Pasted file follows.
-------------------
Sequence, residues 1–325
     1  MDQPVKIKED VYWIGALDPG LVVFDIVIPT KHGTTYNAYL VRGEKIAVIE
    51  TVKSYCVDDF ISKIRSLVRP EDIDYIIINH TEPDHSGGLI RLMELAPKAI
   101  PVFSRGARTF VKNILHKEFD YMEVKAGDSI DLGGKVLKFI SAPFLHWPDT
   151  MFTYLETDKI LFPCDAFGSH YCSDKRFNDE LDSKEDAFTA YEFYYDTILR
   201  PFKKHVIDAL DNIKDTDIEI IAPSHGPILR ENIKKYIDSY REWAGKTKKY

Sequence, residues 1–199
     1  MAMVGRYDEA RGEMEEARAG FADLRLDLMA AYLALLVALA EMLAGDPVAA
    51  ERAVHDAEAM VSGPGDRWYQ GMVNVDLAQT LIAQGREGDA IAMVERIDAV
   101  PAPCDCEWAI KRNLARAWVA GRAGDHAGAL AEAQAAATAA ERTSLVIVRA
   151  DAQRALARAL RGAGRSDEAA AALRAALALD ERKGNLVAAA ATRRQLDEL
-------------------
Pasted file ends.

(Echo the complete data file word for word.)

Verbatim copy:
Sequence, residues 1–325
     1  MDQPVKIKED VYWIGALDPG LVVFDIVIPT KHGTTYNAYL VRGEKIAVIE
    51  TVKSYCVDDF ISKIRSLVRP EDIDYIIINH TEPDHSGGLI RLMELAPKAI
   101  PVFSRGARTF VKNILHKEFD YMEVKAGDSI DLGGKVLKFI SAPFLHWPDT
   151  MFTYLETDKI LFPCDAFGSH YCSDKRFNDE LDSKEDAFTA YEFYYDTILR
   201  PFKKHVIDAL DNIKDTDIEI IAPSHGPILR ENIKKYIDSY REWAGKTKKY

Sequence, residues 1–199
     1  MAMVGRYDEA RGEMEEARAG FADLRLDLMA AYLALLVALA EMLAGDPVAA
    51  ERAVHDAEAM VSGPGDRWYQ GMVNVDLAQT LIAQGREGDA IAMVERIDAV
   101  PAPCDCEWAI KRNLARAWVA GRAGDHAGAL AEAQAAATAA ERTSLVIVRA
   151  DAQRALARAL RGAGRSDEAA AALRAALALD ERKGNLVAAA ATRRQLDEL